Sunday, June 4, 2017

Bangkok: a precarious lizard, scarcely any stars

Last week I returned from a UNEP meeting in Bangkok. I took the airport express each way; coming in it was great. However, returning proved very difficult even on a Saturday afternoon, even though the station was only 4 kms from my nice hotel. 

First, I had to find a taxi driver who could understand the word "airport link". I asked for one at the hotel, but none appeared after about 5 minutes, and the doormen seemed to have disappeared. Fearing that I might have been forgotten, but confident I knew the direction, I decided to find my own transport. But all the taxis that passed me were full. Eventually I reached a red light, where a motor bike rider offered me a lift (including my suitcase and computer bag) .. but I declined. Crossing a canal, I headed in the same direction. Just past the canal, I finally found an empty taxi. He seemed to understand my request. But I was alarmed as he immediately went at 90 degrees to what I thought was the correct direction (and which in the end proved to be the right direction). 

At first, I gave my driver the benefit of the doubt. The traffic on the original street I was walking on was fluid, but on this diversion at right angles we quickly reached parked cars masquerading as moving traffic. I watched the meter rise from 35 Baht (flagfall) to 49 Baht while we moved about two car lengths (in what seemed like 5 minutes). I watched him study the map I showed him (with names in English and Thai) in ways that increasingly convinced me he could not read a map. Beginning to panic, I gave him 60 Baht and got out of the taxi, immediately speeding my progress by a great deal.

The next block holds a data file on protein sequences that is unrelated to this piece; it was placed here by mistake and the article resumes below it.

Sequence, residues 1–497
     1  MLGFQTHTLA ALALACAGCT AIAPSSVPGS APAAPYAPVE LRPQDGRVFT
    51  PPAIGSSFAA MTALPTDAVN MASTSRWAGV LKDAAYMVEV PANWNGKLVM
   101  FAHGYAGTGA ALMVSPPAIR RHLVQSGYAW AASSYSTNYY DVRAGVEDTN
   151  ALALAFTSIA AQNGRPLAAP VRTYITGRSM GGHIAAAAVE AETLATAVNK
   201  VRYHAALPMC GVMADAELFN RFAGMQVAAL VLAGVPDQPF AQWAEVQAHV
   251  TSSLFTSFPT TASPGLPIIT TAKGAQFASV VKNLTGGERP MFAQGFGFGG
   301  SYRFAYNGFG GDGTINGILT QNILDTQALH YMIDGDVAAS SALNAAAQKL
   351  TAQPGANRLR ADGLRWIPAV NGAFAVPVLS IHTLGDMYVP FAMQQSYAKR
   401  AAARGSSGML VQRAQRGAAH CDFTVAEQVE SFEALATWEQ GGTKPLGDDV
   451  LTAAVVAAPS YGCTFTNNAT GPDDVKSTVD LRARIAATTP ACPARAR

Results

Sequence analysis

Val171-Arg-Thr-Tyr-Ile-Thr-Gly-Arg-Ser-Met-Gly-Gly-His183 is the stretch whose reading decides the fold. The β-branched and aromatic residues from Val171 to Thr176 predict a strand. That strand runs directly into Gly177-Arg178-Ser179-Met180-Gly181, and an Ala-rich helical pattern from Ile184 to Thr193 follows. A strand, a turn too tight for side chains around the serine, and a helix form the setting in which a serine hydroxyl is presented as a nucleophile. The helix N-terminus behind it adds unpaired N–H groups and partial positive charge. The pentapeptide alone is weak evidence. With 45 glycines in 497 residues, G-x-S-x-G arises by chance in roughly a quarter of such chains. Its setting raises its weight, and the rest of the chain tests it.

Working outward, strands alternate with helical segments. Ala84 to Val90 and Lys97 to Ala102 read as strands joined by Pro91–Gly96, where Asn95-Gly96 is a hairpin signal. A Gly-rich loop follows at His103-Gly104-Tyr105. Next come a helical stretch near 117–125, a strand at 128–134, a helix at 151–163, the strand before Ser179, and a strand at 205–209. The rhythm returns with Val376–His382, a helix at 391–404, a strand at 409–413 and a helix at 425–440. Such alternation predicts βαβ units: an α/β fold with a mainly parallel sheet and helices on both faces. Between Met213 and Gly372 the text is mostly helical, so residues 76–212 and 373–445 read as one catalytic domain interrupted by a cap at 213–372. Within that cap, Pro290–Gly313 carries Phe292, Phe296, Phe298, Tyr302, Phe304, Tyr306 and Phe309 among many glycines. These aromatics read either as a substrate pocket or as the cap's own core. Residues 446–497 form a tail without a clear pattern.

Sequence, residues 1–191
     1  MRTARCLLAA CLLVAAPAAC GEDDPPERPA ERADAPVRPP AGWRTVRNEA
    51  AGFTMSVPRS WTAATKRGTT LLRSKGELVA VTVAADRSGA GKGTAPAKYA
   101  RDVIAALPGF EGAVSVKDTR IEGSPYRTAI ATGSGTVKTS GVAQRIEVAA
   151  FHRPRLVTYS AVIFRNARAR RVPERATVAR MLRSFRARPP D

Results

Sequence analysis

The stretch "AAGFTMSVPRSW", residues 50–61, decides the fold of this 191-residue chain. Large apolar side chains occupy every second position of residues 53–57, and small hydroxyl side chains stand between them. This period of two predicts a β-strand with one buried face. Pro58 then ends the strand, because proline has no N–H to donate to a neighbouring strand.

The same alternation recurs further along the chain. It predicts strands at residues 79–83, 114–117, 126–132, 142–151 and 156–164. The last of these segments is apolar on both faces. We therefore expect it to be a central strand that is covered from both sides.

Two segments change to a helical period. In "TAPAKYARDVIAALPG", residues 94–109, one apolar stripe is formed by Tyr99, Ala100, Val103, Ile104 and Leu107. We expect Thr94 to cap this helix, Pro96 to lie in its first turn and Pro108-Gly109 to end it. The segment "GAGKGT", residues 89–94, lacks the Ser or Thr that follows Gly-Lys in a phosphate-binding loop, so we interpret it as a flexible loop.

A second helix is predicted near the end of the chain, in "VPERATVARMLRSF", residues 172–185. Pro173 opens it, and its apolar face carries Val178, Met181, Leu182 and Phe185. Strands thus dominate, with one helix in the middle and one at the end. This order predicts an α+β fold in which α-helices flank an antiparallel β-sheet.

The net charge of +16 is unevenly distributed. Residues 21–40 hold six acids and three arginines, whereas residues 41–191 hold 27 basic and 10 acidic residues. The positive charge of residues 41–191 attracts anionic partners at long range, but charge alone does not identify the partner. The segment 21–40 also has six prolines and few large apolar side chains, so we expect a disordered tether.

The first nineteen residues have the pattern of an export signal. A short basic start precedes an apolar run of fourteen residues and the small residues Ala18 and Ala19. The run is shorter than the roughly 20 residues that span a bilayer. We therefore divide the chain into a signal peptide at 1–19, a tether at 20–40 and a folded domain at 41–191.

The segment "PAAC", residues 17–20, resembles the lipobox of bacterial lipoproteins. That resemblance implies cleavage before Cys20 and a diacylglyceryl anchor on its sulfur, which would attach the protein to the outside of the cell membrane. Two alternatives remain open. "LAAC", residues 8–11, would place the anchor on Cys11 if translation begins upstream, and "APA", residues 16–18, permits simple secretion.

Eventually I found a tuk tuk driver who seemed to understand (and who soon proved he did). 

The 4 kms took me 60 minutes, I walked about half way. 

The inefficiencies in downtown Bangkok traffic are immense, although outside downtown I know it is better. How many person hours are wasted in traffic? Not to mention fossil fuels? How derelict were the planners? (Though, finally, a metro system is developing.)

In my week in Bangkok the people were almost entirely beautifully graceful, patient and polite.

But I scarcely saw or heard any birds. The air was perpetually gray. Due to pollution from dust, smog and light whole generations of Thais living in Bangkok must scarcely see any stars, let alone the wondrous Milky Way. Air pollution damages lung, heart and brain health

For me, the brightest spot was seeing a two foot long monitor lizard (smaller than in the picture) which had successfully crossed a wide road. How heroic, I thought, and how precarious.